Forrestania IPO to hunt its mineral Bounty in a region of vast potential
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Historically a nickel, lithium and base metals hotspot, the golden potential of WA’s Forrestania region flew under the radar for many years and remains largely unfulfilled.
Despite the presence of the once prolific and now-shuttered Bounty gold mine, and a few successful regional operators, Forrestania has been mostly underexplored for gold – a huge opportunity for those with ground and knowledge of how to explore it.
Enter aspiring listee Forrestania Resources, an explorer led by a passionate and geologically minded team, which aims to put its golden stamp on its namesake region.
“The region was dominated by nickel explorers up until the 1980s, and more recently for lithium but until that point no one had systematically explored for gold,” Forrestania CEO and general manager Melanie Sutterby, an experienced career geologist, told Stockhead recently at the company’s West Perth offices.
“Aztec discovered Bounty in 1985, simply by looking at drill core inherited from the early nickel explorers that was never assayed for gold.
“They found a million-ounce gold deposit in a position where no one had ever looked before. It’s like the adage – you don’t know what you’re looking for until you find it.”
Now the Bounty mine site has been absorbed by Wesfarmers (ASX:WES) and SQM, who are set to jointly plough $1.9b into what will be known as the Mt Holland Lithium Project.
And while some like Classic Minerals (ASX:CLZ) have since discovered new deposits, the golden, and battery powered potential of the Forrestania greenstone belt remains largely unfulfilled.
Forrestania Resources presents a unique opportunity, with a consolidated regional landholding (more than 1000km2) over all the mineral rights within its IPO.
The immediate priorities for Forrestania on the ground are the Lady Lila and Great Southern gold projects – the former of which was labelled by Sutterby as a Bounty lookalike.
Each will be explored using modern-day techniques not previously used over the project area before.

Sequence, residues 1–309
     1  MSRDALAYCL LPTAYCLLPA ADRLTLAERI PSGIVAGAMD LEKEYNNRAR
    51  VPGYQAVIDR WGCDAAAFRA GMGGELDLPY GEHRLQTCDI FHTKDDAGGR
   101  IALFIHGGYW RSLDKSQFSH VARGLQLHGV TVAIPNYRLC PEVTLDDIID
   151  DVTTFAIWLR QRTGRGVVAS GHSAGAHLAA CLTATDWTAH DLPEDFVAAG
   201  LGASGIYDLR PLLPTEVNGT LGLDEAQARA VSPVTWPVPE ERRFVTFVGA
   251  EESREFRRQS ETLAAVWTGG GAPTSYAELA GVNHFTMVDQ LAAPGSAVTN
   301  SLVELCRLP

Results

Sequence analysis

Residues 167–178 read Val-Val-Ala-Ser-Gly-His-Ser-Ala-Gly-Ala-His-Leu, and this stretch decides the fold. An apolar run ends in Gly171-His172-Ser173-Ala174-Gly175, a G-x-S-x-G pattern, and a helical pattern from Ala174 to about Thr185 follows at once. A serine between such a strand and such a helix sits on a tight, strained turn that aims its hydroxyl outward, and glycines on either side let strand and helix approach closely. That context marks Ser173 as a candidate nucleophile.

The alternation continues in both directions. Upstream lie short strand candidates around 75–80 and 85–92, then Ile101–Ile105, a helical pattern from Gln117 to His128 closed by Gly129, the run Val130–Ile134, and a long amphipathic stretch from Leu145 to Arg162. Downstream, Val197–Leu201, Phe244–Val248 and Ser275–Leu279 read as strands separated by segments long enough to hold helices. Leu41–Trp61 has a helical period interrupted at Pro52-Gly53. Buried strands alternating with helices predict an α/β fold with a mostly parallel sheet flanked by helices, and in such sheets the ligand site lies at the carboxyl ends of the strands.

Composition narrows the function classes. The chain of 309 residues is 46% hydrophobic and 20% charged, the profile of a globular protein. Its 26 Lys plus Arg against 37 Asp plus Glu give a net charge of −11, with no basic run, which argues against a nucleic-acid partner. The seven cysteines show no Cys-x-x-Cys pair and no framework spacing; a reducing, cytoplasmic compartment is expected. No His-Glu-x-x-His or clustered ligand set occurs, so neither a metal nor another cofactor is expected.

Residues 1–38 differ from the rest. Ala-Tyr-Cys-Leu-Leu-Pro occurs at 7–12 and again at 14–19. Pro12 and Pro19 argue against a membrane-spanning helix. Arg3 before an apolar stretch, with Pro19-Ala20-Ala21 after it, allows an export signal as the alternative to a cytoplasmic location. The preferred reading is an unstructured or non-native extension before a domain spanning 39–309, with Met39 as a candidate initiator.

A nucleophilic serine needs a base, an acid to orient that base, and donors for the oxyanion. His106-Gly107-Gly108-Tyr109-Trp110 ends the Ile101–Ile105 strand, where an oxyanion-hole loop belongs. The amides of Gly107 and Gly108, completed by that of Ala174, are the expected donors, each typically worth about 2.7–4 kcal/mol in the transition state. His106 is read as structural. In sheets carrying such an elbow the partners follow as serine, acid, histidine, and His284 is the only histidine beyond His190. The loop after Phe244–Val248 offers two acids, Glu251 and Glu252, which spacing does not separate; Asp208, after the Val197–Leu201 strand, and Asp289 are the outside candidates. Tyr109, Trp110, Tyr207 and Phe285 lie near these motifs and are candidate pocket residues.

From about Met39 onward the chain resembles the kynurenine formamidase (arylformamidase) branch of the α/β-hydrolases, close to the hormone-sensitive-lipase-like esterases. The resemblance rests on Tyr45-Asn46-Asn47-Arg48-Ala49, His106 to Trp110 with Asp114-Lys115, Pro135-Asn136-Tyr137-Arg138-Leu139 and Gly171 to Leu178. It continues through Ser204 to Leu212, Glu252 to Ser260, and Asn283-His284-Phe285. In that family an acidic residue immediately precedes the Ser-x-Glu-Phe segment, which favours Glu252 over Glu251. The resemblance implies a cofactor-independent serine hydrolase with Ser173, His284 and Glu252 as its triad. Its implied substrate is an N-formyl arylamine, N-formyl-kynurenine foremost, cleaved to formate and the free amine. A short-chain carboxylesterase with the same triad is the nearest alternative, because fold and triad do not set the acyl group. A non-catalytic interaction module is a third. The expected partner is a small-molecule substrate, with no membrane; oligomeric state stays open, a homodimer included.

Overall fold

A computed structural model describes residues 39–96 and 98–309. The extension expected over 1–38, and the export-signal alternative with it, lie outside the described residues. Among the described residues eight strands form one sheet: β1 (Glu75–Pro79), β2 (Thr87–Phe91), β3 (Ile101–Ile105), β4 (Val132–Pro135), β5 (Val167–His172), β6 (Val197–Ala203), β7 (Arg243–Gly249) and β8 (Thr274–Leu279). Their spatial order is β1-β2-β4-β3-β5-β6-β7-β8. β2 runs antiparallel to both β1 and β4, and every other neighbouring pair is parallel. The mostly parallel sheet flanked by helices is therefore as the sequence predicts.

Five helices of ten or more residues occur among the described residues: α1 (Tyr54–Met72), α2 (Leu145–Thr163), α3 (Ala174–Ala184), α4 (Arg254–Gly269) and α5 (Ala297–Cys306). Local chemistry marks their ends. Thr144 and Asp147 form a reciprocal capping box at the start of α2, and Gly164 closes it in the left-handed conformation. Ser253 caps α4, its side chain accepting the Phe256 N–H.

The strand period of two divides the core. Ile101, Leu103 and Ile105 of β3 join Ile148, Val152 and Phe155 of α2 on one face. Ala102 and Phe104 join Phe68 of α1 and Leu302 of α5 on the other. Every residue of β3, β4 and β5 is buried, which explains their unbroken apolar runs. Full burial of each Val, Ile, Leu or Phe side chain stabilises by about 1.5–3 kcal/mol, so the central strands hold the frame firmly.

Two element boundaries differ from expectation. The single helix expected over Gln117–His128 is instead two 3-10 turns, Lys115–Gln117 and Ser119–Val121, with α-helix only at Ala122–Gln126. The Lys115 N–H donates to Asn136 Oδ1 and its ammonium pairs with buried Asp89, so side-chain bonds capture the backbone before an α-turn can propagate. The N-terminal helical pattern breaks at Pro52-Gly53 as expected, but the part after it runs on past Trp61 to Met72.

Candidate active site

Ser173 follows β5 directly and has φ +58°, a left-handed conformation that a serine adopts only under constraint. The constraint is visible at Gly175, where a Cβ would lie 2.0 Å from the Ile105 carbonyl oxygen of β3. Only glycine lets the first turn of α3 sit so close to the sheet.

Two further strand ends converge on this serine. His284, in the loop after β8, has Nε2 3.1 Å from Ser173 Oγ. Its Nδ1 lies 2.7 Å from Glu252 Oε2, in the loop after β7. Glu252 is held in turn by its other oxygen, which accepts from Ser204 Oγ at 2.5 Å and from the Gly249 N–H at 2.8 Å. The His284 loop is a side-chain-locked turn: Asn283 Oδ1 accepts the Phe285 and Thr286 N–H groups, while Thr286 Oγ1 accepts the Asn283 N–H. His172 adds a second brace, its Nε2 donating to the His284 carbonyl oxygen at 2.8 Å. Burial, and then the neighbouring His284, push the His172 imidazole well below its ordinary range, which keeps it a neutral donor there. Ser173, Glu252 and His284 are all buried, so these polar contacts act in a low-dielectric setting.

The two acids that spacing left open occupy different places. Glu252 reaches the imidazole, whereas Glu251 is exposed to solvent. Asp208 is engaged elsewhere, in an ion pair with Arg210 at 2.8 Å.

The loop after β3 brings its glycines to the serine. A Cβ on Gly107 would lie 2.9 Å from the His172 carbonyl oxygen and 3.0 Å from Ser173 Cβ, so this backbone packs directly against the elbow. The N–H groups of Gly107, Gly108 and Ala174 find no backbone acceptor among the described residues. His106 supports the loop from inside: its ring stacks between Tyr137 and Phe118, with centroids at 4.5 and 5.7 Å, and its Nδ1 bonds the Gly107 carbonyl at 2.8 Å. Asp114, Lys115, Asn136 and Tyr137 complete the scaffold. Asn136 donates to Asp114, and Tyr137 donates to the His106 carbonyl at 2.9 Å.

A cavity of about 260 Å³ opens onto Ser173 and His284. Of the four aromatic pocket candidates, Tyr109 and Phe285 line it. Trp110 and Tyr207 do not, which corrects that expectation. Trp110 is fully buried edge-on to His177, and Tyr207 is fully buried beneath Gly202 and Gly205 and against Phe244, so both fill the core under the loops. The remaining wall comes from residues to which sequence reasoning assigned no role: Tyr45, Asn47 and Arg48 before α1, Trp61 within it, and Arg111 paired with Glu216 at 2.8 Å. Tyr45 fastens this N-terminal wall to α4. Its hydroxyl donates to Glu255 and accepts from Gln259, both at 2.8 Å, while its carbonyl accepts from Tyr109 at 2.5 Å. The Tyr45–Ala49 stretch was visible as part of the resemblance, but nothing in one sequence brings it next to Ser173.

There is gold endowment already in the ground – Lady Lila has an established JORC resource of 24,000 ounces at 1.38 grams per tonne gold, with past drill intercepts including 14m at 3.7g/t from 74m with mineralisation hosted in a chert/banded iron formation along a shear zone.
The geological setting is similar to that of Bounty, the regional behemoth from which more than 1.3 million ounces was produced over a 12-year mine life.
“I see huge potential at Lady Lila, because of the geological context – this is a project that hasn’t been touched since the 1990s,” she said.
“There’s only a handful of drillholes into Lady Lila and it’s completely open in all directions.”
The Lady Lila deposit currently extends to about 1.8km of strike and goes down to around 50m depth above the weathering profile.
“We see a lot of opportunity out there to rapidly expand this resource – it’s exactly like Bounty. The geology is the same, the alteration is the same, the structure is the same,” Sutterby said.
“Our project also holds the potential to host economic strategic metal deposits, with historic exploration seeing a stop-start effort over the years as commodities like lithium and nickel fell in and out of trend.
“That to us is really exciting.”
The other prospect of early interest at Forrestania is Great Southern, a historical area mined for 1000t of underground material at 7.13g/t in the 1920s and a further 2053t at 5.72g/t during the 1980s.
“Early miners followed the veins where they saw gold. From a discovery perspective that’s really exciting because the potential here could be something really special,” Sutterby said.
The mineralisation at Great Southern is hosted in granite, the sort of rock that’s creating a buzz throughout the Yilgarn region as explorers realise its potential.
Furthering the advantage for Forrestania is the quality of data it will acquire alongside the ground from Firefly Resources (ASX:FFR), which is parting with the project to focus on its Yalgoo assets.
“The geologist’s principal mandate in life is to collect data and make decisions based on it,” Sutterby said.
“Firefly has collected some excellent datasets over this ground over the years and engaged some really good consultants.
“Those are opinions that present us with an amazing opportunity to hedge off.”
And speaking of battery power, one of Forrestania’s top priorities is assessing the lithium and nickel prospectivity of their package, with a 2017 FFR drill program at the Gem prospect picking up ultramafic rocks, a significant pegmatite swarm and a whopping 33m grading 3.2 per cent Li2O from 69m.
Further gold targets at Forrestania include the Kit Kat gold project, along strike from CLZ’s near-production Kat Gap project. The company has about 10km of untested prospective strike as well as the Gemcutters gold project where drilling has previously intercepted 21m at 3.2g/t from 34m.
The company will also hold a six-tenement portfolio in the Leonora region that is prospective for massive intrusion related gold deposits, offering longer term potential for major discoveries.
Led by a youthful board with a strong geologist presence and backed by supportive industry experience, the expectation on listing Forrestania is that the drill rigs will hit the ground in quick time.
“Our work will consist of a targeted RC drilling program at the Gem lithium prospect and then onto the Lady Lila, and Great Southern gold prospects,” Sutterby said.
“We’re looking at having a schedule we can efficiently deal with, in terms of logistics, given we’re a small team and cognisant of making the maximum bang for our buck.”
The Forrestania IPO will look to raise $5 million, with listing planned for Q3 of this year.